Btw, this is also my favorite Gaiman book, after reading this and Stardust. Interesting how he makes you a better writer, but then his stories are very imaginative.

    Liked by 1 person

  3. I love Captain Marvel! I read two volumes of Ms Marvel (with Carol as Ms Marvel) this month. And Daughter of Smoke & Bone has been on my to read list since forever and somehow I can’t get around to it…

    Liked by 1 person

  4. I’m glad you liked Daughter of Smoke and Bone. I read it last summer and I thought it was weird and confusing at first, but after the first half of the book I started to make sense of things. Laini Taylor is an absolute genius.

    Liked by 1 person

    1. Exactly! The writing and story were good in the first half, but the pay-off went somewhere I never would have expected. All bow down to Laini Taylor. The movie rights were bought by a major production company a few years ago. I wonder if they’ll ever make DOSAB into a movie–it seems like it would be hard to get right, as in the fantastical creatures would have to be done just right to maintain their dignity.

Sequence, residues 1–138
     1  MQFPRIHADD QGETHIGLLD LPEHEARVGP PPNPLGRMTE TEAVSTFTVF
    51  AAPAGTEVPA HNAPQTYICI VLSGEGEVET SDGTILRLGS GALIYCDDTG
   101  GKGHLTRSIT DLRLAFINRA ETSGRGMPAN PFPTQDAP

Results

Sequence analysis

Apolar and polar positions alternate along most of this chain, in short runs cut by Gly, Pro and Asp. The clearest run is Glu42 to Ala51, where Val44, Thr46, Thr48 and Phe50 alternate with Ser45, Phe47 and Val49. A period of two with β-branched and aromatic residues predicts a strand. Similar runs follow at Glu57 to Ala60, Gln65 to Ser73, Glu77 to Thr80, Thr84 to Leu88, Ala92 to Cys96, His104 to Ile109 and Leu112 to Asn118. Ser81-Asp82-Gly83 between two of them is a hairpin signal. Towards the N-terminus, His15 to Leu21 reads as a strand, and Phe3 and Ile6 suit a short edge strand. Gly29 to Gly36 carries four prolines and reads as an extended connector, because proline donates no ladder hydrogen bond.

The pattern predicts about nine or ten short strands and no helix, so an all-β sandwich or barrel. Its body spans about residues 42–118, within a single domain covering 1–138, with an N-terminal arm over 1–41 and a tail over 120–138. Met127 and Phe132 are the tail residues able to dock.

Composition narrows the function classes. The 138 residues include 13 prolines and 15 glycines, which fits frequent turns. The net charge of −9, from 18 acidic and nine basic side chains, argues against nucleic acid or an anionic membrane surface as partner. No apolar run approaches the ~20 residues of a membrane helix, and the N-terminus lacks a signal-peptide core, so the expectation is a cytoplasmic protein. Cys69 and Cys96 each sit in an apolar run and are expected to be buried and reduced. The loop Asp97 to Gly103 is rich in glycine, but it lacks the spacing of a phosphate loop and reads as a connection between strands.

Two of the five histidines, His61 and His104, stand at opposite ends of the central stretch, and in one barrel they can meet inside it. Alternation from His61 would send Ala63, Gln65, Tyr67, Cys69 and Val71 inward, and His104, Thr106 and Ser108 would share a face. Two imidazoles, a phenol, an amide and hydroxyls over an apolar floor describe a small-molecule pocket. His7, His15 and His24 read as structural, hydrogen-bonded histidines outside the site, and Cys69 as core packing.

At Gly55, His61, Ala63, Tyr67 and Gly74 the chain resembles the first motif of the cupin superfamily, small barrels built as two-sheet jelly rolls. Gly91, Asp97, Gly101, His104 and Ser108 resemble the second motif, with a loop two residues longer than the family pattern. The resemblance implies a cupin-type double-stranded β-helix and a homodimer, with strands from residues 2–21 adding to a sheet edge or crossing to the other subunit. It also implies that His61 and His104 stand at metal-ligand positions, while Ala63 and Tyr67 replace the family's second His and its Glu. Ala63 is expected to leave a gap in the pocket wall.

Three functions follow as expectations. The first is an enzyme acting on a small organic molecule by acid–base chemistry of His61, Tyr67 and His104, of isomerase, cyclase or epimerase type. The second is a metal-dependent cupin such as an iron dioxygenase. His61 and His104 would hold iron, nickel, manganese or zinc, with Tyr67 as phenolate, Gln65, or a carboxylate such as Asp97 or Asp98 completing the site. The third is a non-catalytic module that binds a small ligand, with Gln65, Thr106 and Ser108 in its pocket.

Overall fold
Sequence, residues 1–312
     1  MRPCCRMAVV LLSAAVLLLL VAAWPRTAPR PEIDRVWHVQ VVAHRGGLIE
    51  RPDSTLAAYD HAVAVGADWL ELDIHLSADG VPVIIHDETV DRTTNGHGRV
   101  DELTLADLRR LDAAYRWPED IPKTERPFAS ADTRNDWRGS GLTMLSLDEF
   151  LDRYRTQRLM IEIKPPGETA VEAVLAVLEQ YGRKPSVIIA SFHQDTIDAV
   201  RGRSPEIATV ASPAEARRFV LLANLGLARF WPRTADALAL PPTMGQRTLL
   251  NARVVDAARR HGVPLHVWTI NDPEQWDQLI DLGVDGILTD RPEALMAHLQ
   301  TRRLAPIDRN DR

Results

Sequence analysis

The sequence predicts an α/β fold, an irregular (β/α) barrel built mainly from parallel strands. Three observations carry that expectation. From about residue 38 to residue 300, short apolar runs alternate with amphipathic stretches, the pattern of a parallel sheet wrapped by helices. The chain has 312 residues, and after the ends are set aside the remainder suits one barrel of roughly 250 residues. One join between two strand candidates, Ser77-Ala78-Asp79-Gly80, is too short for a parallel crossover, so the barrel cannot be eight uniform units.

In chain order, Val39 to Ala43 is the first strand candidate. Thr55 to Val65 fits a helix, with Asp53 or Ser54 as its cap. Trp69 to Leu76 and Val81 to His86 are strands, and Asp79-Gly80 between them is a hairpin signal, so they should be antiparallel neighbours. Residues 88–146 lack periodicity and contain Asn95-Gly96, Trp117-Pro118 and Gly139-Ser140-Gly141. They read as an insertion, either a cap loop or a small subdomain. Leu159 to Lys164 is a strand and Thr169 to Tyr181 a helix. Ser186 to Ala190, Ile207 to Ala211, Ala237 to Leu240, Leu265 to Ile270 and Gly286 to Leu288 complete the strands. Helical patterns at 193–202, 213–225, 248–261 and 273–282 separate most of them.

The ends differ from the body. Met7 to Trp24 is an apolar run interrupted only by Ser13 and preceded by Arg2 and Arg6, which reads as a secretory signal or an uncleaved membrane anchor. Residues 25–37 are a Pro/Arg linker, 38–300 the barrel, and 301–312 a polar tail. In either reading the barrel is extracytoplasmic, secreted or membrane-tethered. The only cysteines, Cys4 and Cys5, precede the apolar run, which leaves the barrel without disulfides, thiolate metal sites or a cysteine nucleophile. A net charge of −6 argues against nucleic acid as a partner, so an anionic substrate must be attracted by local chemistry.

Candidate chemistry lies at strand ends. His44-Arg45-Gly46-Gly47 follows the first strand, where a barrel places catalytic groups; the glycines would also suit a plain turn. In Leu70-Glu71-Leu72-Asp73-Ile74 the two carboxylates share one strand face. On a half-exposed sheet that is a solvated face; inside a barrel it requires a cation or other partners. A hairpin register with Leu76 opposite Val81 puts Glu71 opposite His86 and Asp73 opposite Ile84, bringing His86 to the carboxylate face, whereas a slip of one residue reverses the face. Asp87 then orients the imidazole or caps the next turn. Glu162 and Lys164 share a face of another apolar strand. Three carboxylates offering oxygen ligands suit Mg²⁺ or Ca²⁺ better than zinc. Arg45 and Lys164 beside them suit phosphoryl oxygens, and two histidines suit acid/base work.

Liked by 1 person

  5. I also loved Daughter of Smoke and Bone, particularly the ending! And the 2nd and 3rd in the trilogy are even better (in my opinion anyway) – the story becomes so laden with conflict and suspense, and explores the characters and world in much deeper and more interesting ways than I expected. Anyway, I recommend continuing!

    Liked by 1 person

    1. Thanks for telling me! Honestly, I’m so excited now to read the rest of the books in the series. If what Daughter of Smoke & Bone morphed into is an indication of how the story progresses in subsequent books, it’s going to be great.

      Liked by 1 person

  6. Uglies was actually my very first YA dystopia and, oh gosh, all the good memories are flowing back just from this post. (I think it’s pretty old?) And, I completely agree, a dystopia mixed in every now and then is always great; they tend to be fast paced and page turners!

    Like